1. Pripyat, Ukraine had a brief life. The Soviet Union founded in 1970 to serve the Chernobyl Nuclear Power Plant. On April 26, 1986there was an unexpected power surge on the No. 4 light water reactor. When engineers attempted to shut it down, a much larger power spike occurred, which ultimately led to a massive fire that sent plums of radioactive fallout to fall over the area for weeks. At the initial blast, the people of Pripyat had about twenty minutes to grab what they could and get out. The result is a town frozen in time. Breakfast plates are still on tables. Children’s toys are scattered over fully furnished homes. In the years since the blast, the trees and animals have flourished (nobody quite knows why.) In recent years, it has become a tourist attraction but one can only stay for twenty minutes at a time – the radioactivity is still sky-high.
2. Hashima Island, about 9 miles from of Nagasaki, is one of 505 uninhabited islands in Nagasaki Prefecture. It started out as a base for mining undersea coal mines in the 1880s. During World War 2 it was a forced labor camp and reached peak population of 5,259 in 1959. In 1974, the last mines were depleted and the residents left, leaving the island abandoned. In 2009 it reopened to welcome tourists. It became a UNESCO World Heritage site in July 2015.
3. Kolmanskop, Namibia was once a small diamond mining village in the Namib desert established by the De Beers company. The first diamonds sparked a rush and a tiny village was built in the style of a German town, which included a hospital, ballroom, power station, school, theatre, and other recreational amenities. After World War I, the diamond field began to deplete. By the early 1930s, the town was in rapid decline.By 1954, it was abandoned. The empty buildings are now filled with thigh-deep sand, and the winds have ripped the paint right off the walls. Photographers like the town because it is particularly stark and dreary.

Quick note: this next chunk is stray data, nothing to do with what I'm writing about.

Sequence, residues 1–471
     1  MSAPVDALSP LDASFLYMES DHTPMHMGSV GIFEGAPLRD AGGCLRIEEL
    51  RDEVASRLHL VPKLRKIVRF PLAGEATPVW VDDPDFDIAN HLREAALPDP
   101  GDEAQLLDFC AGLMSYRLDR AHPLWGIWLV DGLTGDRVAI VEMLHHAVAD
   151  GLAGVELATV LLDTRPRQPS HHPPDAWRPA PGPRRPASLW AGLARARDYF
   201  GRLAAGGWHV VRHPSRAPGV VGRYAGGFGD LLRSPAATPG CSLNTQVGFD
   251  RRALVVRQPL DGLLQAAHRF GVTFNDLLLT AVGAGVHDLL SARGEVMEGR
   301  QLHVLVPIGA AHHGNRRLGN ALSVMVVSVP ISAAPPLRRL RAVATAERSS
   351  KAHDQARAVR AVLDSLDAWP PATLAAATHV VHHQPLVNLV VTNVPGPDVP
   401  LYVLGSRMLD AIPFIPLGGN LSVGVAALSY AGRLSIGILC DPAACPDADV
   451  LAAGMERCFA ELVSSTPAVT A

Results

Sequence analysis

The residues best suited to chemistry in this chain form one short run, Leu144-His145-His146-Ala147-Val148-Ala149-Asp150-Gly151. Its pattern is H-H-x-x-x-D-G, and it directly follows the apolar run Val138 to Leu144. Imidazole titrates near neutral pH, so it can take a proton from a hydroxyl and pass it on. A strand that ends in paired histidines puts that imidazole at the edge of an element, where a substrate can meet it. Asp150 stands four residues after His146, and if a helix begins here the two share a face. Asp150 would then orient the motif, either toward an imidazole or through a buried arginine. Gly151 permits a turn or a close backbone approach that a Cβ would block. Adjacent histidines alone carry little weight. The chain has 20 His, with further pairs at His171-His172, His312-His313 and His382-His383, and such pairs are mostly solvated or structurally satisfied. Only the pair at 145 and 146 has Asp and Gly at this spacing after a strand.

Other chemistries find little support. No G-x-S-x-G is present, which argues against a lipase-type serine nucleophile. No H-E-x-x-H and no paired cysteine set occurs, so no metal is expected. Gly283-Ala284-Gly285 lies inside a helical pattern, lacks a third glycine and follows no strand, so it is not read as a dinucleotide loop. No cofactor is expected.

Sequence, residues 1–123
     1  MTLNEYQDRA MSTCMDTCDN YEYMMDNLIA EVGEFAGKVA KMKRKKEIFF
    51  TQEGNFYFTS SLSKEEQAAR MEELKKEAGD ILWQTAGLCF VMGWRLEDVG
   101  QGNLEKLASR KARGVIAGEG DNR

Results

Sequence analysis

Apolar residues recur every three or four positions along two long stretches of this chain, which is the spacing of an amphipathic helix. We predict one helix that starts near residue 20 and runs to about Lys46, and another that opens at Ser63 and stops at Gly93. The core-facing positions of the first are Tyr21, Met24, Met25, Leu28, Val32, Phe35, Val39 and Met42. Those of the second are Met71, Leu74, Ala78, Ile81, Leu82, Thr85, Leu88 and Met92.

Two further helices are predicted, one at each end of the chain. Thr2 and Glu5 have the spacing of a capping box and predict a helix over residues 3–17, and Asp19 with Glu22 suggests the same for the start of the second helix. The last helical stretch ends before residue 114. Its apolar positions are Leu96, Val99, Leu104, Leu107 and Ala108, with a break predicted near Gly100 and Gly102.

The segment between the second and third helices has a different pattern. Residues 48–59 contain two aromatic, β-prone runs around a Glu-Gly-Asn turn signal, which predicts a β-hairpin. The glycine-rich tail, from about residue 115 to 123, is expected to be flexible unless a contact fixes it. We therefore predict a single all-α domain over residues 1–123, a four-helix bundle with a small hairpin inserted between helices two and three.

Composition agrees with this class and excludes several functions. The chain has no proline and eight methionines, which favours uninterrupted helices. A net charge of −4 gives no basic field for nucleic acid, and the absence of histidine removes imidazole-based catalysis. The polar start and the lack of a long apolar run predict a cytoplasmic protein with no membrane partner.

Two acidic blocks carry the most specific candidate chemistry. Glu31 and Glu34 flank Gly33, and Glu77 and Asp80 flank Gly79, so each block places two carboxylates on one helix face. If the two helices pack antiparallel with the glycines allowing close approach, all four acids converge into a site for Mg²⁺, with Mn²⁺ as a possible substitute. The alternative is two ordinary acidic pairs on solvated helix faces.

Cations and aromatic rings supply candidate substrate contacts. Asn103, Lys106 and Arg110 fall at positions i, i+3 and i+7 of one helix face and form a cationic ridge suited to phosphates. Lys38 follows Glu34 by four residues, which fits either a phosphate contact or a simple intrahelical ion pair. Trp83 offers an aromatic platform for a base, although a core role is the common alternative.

4. Isla de las Muñecas — Mexico City, Mexico. This entire uninhabited island is dedicated to a dead little girl. The only residents are thousands of shit-your-pants creepy dolls who hang from trees and walls and every surface, staring with dead eyes into the immortal beyond. Some have severed limbs. Some are decapitated. It is said they possess the spirit of a little girl who drowned on the island and they allegedly move their heads and arms and open their eyes. Some hear them whispering to each other. The reason nobody lives there should be obvious.
5. Pyramiden,Norway, a Russian settlement and coal-mining community on the archipelago of Svalbard, Norway, was founded by Sweden in 1910 and abandoned in 1998.Now all that remains is some mining equipment, empty buildings, and the dead idea of communism. A large statue of Vladimir Lenin is the visual landmark of the city, staring down with a fatherly and stern expression over the empty hills and decrepit buildings in what is an unintentionally fitting tableau.Adding to the creepy, remote feeling is the fact that it can only be reached by boat or snowmobile. Despite attempts to create a tourist attraction, tourists are not permitted to enter the buildings, even ones that stand open without walls.